Greece on Friday takes over the rotating chair of Europe's oldest human rights organization, the Council of Europe, for a six-month term amid criticism over its treatment of asylum-seekers.
The Greek foreign ministry on Tuesday said the May 15-Nov. 18 presidency would focus on "democracy, the rule of law and the protection of human rights."
Critics of Greece's treatment of asylum-seekers, most of whom live in overcrowded, squalid camps, have included the Council of Europe's own human rights commissioner Dunja Mijatovic. Mijatovic last week said she "shared" concerns raised by rights groups and the U.N. refugee agency regarding a new migration bill that was approved by the Greek parliament on Friday. In addition to shortening the time required to process asylum requests, Mijatovic highlighted an "expanded use of detention" and the creation of closed migrant camps on islands.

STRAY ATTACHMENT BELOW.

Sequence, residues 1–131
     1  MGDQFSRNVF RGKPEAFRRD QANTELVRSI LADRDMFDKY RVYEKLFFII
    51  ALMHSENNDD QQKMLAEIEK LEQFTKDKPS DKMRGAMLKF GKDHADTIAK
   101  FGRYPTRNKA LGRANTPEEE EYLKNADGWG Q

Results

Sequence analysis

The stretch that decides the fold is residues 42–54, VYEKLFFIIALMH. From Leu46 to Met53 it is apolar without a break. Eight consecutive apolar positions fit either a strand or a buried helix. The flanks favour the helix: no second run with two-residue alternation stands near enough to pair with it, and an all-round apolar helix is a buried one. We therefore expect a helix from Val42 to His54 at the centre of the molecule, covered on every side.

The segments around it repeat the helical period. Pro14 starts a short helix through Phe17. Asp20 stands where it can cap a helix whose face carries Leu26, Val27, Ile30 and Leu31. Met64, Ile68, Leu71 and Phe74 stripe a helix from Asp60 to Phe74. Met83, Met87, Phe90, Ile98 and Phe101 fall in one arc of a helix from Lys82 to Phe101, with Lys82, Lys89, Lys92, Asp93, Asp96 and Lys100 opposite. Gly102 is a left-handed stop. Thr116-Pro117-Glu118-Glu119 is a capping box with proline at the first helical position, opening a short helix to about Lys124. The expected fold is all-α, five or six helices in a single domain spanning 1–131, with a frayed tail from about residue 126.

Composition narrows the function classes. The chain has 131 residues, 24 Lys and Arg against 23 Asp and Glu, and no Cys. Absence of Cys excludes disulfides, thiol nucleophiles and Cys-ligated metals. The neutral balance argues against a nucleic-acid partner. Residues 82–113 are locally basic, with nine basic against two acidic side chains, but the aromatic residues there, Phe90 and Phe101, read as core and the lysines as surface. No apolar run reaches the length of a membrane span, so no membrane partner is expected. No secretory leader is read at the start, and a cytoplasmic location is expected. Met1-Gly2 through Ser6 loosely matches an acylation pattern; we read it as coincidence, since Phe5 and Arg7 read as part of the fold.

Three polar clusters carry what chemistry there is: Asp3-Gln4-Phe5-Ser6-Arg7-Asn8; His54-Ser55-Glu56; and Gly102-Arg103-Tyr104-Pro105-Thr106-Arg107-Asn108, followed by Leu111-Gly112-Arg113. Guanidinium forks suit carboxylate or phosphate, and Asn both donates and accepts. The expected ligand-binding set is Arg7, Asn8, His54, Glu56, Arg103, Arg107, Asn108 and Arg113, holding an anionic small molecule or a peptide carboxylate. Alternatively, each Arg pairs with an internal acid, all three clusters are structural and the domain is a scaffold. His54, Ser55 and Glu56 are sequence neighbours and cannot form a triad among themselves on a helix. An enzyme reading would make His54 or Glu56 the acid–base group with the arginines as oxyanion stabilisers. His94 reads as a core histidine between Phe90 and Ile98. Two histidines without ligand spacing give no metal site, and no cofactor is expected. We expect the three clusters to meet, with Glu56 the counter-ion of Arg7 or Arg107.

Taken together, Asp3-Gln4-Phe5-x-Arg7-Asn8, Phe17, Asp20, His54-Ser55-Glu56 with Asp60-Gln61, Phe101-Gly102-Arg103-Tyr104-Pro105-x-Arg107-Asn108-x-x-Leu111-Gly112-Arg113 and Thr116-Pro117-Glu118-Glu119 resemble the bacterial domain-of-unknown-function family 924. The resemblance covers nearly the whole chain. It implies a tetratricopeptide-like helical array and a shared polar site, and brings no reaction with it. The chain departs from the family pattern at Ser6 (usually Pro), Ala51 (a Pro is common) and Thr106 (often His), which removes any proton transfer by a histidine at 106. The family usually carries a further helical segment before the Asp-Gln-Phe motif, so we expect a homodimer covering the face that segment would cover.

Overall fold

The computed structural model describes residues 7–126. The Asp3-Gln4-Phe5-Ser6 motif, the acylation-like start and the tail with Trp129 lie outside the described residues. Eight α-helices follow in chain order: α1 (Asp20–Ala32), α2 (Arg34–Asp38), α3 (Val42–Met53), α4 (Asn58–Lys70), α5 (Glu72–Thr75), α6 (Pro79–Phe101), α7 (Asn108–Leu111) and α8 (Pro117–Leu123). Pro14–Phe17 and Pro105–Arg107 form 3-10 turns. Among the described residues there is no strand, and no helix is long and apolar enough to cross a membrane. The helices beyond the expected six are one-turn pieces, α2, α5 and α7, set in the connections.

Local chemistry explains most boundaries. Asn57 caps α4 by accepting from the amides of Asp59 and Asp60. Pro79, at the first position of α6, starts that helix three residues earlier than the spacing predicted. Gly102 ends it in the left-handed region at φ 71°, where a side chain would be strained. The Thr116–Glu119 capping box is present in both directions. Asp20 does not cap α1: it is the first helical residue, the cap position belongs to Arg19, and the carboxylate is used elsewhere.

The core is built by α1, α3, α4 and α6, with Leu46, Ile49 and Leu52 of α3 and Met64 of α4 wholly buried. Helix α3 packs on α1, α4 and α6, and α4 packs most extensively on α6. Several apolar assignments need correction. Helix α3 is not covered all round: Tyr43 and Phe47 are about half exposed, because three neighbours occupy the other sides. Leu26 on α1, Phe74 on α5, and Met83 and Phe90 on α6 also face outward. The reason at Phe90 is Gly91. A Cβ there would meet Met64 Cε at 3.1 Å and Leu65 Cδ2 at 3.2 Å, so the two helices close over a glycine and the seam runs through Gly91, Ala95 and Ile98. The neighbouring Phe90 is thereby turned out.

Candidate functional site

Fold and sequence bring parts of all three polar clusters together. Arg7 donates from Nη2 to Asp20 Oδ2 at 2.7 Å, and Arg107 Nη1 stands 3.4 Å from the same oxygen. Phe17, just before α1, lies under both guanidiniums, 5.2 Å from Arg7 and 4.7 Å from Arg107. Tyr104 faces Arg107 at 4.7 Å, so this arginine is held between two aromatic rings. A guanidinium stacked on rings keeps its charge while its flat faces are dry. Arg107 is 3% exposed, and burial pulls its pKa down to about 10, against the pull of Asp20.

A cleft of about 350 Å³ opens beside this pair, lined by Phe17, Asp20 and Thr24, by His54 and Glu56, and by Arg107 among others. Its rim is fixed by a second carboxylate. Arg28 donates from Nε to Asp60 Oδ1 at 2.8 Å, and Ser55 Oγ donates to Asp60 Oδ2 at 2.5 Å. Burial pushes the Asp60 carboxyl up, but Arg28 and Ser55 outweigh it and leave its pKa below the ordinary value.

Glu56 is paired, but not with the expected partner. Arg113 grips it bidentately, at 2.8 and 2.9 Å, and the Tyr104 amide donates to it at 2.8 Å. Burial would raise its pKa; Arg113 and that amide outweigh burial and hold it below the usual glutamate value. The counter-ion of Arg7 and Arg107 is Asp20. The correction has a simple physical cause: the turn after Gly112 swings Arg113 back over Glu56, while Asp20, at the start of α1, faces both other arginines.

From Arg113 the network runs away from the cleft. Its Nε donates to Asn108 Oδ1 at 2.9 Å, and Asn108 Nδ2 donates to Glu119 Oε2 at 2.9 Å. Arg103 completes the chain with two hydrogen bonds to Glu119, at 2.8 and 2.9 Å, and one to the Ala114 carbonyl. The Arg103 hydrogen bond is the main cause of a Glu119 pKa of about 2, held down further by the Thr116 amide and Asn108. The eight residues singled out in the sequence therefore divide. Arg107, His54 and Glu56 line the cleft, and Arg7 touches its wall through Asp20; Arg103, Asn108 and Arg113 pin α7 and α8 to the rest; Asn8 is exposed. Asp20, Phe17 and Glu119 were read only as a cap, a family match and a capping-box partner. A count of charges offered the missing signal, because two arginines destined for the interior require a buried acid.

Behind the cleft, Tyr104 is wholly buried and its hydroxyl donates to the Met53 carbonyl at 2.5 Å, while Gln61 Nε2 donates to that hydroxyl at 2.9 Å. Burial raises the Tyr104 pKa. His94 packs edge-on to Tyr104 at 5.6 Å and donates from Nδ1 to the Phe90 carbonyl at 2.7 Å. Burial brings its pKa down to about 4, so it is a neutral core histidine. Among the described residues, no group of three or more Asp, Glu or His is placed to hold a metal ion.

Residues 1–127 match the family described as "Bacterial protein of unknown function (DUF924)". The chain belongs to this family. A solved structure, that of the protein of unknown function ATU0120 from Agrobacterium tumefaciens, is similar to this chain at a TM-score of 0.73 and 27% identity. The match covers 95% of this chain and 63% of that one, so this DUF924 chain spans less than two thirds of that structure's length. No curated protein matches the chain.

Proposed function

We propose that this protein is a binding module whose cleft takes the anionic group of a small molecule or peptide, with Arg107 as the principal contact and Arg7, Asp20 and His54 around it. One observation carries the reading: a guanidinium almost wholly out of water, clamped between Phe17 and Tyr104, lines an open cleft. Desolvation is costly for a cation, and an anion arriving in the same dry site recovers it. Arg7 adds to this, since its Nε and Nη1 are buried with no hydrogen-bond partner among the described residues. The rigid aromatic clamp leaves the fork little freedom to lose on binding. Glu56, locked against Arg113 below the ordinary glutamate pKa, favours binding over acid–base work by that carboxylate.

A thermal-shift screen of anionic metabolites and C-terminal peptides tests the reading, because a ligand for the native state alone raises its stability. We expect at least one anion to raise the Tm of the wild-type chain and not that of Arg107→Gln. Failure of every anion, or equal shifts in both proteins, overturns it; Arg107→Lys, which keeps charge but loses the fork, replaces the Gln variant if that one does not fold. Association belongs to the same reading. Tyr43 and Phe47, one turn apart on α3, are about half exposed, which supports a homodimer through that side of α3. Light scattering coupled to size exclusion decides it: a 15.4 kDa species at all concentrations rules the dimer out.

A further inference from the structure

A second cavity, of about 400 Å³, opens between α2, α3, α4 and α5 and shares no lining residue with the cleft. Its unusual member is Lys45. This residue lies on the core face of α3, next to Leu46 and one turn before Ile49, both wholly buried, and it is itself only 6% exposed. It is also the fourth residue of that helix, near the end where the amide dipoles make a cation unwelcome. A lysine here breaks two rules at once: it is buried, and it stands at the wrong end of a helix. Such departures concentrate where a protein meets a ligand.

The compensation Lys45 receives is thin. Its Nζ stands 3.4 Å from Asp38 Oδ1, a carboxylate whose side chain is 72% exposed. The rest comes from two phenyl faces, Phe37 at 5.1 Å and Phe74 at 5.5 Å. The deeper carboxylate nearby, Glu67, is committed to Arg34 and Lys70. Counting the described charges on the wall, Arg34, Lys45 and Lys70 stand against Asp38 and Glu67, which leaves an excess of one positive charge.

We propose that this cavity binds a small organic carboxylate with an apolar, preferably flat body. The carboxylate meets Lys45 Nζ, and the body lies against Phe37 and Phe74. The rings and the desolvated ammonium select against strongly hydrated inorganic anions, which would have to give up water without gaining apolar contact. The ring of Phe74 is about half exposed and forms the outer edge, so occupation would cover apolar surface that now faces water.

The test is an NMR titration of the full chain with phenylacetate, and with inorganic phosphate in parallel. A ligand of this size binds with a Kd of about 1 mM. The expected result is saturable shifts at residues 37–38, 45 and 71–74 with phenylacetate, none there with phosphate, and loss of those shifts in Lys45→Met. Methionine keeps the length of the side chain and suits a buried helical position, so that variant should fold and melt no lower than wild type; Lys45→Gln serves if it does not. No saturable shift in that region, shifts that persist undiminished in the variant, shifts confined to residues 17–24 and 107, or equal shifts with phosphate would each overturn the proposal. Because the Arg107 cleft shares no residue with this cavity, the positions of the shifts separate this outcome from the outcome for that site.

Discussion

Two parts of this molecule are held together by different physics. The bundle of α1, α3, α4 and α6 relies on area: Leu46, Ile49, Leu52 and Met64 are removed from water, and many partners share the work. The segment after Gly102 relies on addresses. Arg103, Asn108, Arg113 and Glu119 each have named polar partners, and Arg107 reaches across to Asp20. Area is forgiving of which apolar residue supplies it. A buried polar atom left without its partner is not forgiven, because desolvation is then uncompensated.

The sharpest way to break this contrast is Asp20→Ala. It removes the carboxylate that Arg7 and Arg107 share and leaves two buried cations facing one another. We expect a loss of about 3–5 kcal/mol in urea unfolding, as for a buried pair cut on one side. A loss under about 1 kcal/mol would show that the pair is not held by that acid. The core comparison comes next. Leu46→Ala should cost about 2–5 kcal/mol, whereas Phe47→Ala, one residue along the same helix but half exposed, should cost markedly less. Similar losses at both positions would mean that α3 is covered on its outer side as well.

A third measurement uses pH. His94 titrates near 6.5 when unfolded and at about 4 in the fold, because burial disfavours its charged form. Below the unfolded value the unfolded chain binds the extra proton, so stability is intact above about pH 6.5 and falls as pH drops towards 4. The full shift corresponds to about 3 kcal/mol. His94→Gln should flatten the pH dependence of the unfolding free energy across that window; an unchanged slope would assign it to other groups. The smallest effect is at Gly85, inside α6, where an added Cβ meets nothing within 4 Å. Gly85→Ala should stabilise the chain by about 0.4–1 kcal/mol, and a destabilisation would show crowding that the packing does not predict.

There are an estimated 100,000 asylum-seekers in Greece, many of them stranded after other European countries shut their borders in the wake of the 2015 migration crisis.
The Greek government earlier this week dismissed a report in the German weekly Der Spiegel which said there was "overwhelming" evidence that a Pakistani migrant was shot and killed by Greek fire in March. At the time, Athens had also denied reports and testimony from migrants that they had been beaten and stripped by Greek police after crossing the border.